Smolt Migration through the River Dee and harbour

January 22, 2018

Smolt tagging and tracking has been taking place on the Dee since 2016. The recent decline in salmon stocks prompted the Dee management to take a new focus to investigate the estuarine and coastal environment, where the risk to smolts was believed to be greatest.

Over the course of 2016-2017, the evidence tells us that our original belief -that smolt mortality was more pronounced in the lower river and harbour area- was not reflected in the information we gathered.  One of the key findings from the 2017 study is that in river mortality can be as high as 70% for smolts migrating from the Baddoch burn on the upper Dee. 

A total of 101 smolts were tagged: 40 from the Baddoch burn, 30 from the Beltie burn and 31 from the Sheeoch burn. They were monitored by 19 receivers in the river and harbour.

River Dee Trust Manager, Lorraine Hawkins said, “ Our findings suggest that smolt mortality is due to predation. The greatest losses occurred in the middle and the lower river, where predator densities are greatest. In 2016, the first year we carried out this work, we were unsure just to what extent tagging/handling contributed the 26% mortality rate. In 2017 the timing and location of smolt losses showed that, on average, the smolts survived for at least 12 days. That said, while tagged fish may have survived the tagging process, it is possible they were made more vulnerable to predation and that mortality maybe greater than in the untagged population. The results, specifically the timing and location of the highest losses, suggest that predators are the cause of smolt mortalities, although the final figure may be inflated by the tagging process. The work will continue in 2018 and we will repeat what we did in 2017. Given what we found in 2017, we will be adding five extra receivers to give us greater insight into in river predation.”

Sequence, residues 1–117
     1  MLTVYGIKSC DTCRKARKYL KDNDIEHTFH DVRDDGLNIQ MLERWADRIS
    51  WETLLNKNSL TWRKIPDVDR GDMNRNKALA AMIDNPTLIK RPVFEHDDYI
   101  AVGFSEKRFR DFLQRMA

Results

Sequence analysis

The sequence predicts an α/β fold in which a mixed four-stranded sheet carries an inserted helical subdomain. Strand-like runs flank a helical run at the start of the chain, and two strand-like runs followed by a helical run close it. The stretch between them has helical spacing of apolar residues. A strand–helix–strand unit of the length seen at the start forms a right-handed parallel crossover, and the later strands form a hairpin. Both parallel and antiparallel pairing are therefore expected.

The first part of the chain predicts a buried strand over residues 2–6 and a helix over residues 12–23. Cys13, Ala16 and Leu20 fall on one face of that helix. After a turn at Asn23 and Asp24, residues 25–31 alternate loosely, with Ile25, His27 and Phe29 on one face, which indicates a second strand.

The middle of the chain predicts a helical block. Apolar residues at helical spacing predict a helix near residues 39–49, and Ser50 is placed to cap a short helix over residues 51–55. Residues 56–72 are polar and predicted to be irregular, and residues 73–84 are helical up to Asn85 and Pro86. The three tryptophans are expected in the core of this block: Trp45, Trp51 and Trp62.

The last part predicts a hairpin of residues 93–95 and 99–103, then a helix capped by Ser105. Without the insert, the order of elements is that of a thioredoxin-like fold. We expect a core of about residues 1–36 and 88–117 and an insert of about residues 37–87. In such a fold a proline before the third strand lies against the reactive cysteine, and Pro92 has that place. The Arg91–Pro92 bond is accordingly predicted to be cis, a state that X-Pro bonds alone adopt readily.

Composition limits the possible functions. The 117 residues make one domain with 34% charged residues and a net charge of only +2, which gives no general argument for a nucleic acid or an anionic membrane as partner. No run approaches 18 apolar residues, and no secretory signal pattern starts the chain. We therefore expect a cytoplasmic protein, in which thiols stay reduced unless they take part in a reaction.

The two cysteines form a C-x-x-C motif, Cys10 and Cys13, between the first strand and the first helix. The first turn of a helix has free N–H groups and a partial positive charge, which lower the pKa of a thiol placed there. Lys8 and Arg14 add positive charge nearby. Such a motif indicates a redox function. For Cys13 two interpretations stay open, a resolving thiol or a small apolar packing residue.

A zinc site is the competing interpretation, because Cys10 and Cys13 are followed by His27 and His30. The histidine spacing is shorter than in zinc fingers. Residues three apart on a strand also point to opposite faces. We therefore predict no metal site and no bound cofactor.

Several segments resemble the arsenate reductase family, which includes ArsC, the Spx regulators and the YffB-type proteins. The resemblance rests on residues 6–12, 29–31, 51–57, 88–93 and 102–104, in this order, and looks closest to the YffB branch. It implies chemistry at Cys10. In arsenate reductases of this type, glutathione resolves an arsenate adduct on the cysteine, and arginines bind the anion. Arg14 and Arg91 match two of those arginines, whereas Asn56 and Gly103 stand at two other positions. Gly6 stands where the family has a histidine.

Read the study here- Smolt Tracking 2017